From the Creators of Normal People Scare Me, comes a Film about Siblings & Disabilities: The Sandwich Kid
Keri Bowers, co-director of the hit film, Normal People Scare Me; a film about autism, has teamed up with her son Jace to share the story of brothers and sisters functioning in their daily lives with a sibling having a variety of disabilities, including cerebral palsy, mental retardation, Downs syndrome, autism, and others. “The Sandwich Kid” is the vehicle to bring this underreported issue to light.
“With no laws such as (ADA) American with Disabilities Act, or IDEA (Individuals with Disabilities Education Act), or other uniform or legislative supports in existence to support this vulnerable population, we are overlooking an important segment of our society. Brothers and sisters most often give away their services (often life-long) for free to siblings affected by disability. From personal care, health care, social and life skill supports, estate, and financial planning, siblings often do it all with no remuneration.” says Keri. “It’s time we acknowledge this vulnerable population, and take a stand to look at how we (as a society) can make a difference. This perspective leads Keri to ask an important theoretical question in the film “Imagine if for just one day only, millions of sibs were to strike and stop supports and care for their sibling. Can you even begin to imagine what the fiscal cost alone would be? In the millions? Billions? Forget the emotional and physical toll such a hypothetical strike would create.” In short, we are taking siblings for granted as a global community.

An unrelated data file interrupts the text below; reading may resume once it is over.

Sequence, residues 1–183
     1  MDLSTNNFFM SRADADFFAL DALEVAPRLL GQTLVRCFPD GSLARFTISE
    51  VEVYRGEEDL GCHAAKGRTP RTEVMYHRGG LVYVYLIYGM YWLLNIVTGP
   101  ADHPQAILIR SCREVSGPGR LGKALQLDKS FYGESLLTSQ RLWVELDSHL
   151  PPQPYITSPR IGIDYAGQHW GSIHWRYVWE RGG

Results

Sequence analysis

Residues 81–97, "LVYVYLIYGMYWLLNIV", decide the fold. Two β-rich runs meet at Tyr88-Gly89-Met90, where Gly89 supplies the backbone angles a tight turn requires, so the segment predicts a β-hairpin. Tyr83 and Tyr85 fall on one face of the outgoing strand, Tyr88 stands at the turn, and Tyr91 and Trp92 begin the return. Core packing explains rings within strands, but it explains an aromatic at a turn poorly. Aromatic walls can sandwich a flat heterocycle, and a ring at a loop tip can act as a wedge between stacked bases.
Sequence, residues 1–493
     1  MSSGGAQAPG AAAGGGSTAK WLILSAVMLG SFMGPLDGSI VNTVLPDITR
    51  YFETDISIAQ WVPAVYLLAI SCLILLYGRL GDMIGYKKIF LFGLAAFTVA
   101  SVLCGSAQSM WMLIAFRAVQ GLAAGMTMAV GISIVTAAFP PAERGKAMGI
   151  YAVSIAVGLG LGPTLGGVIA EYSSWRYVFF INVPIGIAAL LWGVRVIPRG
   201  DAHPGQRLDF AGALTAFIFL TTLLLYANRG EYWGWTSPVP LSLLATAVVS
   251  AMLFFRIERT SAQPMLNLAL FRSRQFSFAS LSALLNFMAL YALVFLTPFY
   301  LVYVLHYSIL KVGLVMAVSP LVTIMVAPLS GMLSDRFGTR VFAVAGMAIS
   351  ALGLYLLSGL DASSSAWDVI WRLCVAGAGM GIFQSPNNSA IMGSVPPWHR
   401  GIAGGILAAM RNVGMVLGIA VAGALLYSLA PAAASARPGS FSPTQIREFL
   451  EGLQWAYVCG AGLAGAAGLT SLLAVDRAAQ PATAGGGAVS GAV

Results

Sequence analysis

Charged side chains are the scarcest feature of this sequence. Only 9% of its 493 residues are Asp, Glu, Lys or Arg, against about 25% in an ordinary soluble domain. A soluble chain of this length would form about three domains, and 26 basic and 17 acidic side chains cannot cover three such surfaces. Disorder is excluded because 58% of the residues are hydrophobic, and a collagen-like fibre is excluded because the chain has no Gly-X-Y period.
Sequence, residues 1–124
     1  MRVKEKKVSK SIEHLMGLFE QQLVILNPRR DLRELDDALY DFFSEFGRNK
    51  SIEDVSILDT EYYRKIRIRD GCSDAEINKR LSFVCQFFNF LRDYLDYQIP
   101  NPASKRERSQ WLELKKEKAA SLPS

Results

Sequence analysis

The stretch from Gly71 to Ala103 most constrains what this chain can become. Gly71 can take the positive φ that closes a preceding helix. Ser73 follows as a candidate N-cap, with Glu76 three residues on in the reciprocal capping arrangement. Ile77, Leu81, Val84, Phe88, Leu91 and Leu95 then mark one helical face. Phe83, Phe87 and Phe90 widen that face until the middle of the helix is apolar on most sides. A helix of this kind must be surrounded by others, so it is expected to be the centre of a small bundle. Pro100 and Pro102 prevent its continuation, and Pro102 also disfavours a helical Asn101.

Jace’s relationship with his brother, Taylor, who experiences autism, was the seed for this film which gives a voice to this silent majority. “Sandwich Kids – siblings in the middle of a disability (a family disorder) and the need to grow in their own lives - are not provided the supports they need to fulfill their roles.” says Keri, who saw first-hand how challenged her two boys were in relationship to one another and to Taylor’s autism.
Keri hopes her film will get people talking about these issues, and maintains that the time is now for brothers and sisters to speak out. “Siblings have a right to ask for, and to receive proper supports in psychological, medical, financial, estate planning, etc., which are currently only offered in few areas by smaller organizations well aware of their plight. “Siblings give up so much. In fact, siblings are the longest lasting relationship a person will have in his/her lifetime. It’s time we look at the sacrifices and joys of their roles, and begin to take a stand to support their efforts.” But there is also an upside.
Siblings of people with disabilities tend to be more compassionate human beings. They are more patient, and often become involved in community activities and charitable pursuits. They often choose careers in care giving, healthcare, psychology and other human-centered work.
In this pointed documentary, 12-year-old Jace, uses his wit and powerful character to interview subjects and extract tears and laughter along the way. The interview subjects—young and old—are sometimes brave, helpful, forgiving, angry, fearful, and powerful individuals, who bring unique perspectives to the life of a sibling.
The Sandwich Kid makes its world debut in Manhattan on May 15, 2007, 8:00pm at the Jewish Community Center, on May 19, 7:00pm in Long Island at the Sid Jacobson Jewish Community Center, with a preview at the Beverly Hills Fine Arts Theater on June 1st at 7:00pm. Proceeds from the Beverly Hills event will benefit United Cerebral Palsy.
For New York to register, call 646-505-5708 or visit jccmanhattan.org; $20 members; $25.00 non-members
For Long Island contact: Sid Jacobson Jewish Community Center, 516-484-1545 or visit sjjcc.org; this event is free
For Beverly Hills, to purchase tickets go to studioscreenings.com; $15.00 tickets, proceeds benefit United Cerebral Palsy